Global forest height map.
Credit: Michael Lefsky.
The world's tallest forests are clustered in the Pacific Northwest and portions of Southeast Asia, as shown by a first-of-its-kind map.
The map of forest heights, a work in progress that is based on data collected by NASA satellites, may help scientists measure how much carbon is stored in the world's forests and how quickly carbon cycles through ecosystems and back into the atmosphere.
The satellites found that shorter forests are located in broad swaths across northern Canada and Eurasia.
In addition to tree height, researchers analyzed the height of tree canopies — the dense, leafy covering that is the topmost layer of forests. Temperate conifer forests — which are extremely moist and contain massive trees such as Douglas fir, western hemlock, redwoods and sequoias — have the tallest canopies, soaring some 131 feet (40 meters) from the ground. In contrast, Boreal forests (those found in Arctic and sub-Arctic areas) are dominated by spruce, fir, pine and larch and typically have canopies less than 65 feet (20 m) high.
Although other local- and regional-scale forest canopy maps already exist, the new map spans the entire globe based on satellite data.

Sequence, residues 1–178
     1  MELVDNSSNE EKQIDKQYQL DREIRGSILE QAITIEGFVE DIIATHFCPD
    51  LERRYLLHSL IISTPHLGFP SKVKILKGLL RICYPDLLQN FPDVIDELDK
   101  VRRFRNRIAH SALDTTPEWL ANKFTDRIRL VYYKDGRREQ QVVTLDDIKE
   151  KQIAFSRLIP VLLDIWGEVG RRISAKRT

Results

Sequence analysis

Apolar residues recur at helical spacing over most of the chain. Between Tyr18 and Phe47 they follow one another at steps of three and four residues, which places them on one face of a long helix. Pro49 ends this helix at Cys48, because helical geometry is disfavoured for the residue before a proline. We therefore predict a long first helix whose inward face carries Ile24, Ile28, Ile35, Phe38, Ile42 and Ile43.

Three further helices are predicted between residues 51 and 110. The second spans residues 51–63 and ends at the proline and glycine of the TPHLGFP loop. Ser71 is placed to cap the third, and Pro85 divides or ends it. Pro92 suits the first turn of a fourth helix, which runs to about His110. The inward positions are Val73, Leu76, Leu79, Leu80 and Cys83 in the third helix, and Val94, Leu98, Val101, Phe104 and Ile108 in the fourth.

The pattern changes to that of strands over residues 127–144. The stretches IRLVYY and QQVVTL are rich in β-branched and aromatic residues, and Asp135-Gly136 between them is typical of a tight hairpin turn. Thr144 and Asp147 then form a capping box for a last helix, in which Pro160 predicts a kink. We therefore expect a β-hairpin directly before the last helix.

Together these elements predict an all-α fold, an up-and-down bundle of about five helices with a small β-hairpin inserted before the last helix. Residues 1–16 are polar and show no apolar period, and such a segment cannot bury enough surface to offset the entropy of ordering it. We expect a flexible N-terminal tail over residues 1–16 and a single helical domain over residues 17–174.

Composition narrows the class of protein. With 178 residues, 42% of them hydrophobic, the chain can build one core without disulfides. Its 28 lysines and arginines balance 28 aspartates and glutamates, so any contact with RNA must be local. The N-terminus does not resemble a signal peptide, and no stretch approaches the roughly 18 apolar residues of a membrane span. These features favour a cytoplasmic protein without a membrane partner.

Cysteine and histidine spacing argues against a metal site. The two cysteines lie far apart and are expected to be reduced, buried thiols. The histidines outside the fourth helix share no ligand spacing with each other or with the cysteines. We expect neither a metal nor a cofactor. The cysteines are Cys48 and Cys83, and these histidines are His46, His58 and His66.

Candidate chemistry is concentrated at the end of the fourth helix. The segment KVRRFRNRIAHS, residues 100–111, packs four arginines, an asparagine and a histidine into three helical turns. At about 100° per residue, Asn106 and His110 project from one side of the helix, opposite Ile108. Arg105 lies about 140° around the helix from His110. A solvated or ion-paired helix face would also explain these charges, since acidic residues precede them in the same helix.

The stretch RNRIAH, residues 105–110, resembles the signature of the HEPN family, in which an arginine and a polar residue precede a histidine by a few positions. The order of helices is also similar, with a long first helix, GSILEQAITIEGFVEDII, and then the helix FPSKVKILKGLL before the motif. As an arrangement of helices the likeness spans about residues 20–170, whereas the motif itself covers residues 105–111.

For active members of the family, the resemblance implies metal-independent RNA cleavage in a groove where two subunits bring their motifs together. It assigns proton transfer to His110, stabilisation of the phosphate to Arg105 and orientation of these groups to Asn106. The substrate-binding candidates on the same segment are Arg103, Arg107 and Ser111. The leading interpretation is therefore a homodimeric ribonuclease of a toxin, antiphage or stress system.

"This is a really just a first draft, and it will certainly be refined in the future," said Michael Lefsky, the scientist from Colorado State University in Fort Collins who made the map.
As the map is refined, it will help scientists estimate the amount of carbon tied up in Earth's forests and will help explain what sops up 2 billion tons of "missing" carbon each year. Humans release about 7 billion tons of carbon annually, mostly in the form of carbon dioxide. Of that, 3 billion tons end up in the atmosphere and 2 billion tons in the ocean. It's unclear where the last 2 billion tons go, though scientists suspect forests capture and store much of it as biomass (their wood and leaves) through photosynthesis.
"What we really want is a map of above-ground biomass, and the height map helps get us there," said Richard Houghton, an expert in terrestrial ecosystem science who is deputy director at the Woods Hole Research Center in Falmouth, Mass. He was not involved in the tree-map research.
The study will be detailed in an upcoming edition of the journal Geophysical Research Letters.
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This article was provided by OurAmazingPlanet, a sister site to LiveScience.